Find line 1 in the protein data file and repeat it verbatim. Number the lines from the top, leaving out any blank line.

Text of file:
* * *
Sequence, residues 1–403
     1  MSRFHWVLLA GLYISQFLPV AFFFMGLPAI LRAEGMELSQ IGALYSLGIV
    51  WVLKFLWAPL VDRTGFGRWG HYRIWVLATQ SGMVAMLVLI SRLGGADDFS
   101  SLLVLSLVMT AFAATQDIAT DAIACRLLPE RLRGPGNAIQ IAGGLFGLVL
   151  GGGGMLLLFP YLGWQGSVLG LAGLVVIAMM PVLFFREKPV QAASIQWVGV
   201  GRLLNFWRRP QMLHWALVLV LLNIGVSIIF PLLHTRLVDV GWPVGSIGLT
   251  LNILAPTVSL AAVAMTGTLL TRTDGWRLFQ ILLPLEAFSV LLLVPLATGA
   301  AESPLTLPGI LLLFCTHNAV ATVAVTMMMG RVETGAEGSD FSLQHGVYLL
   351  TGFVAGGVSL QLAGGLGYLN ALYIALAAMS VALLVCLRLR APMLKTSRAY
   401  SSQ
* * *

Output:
Sequence, residues 1–403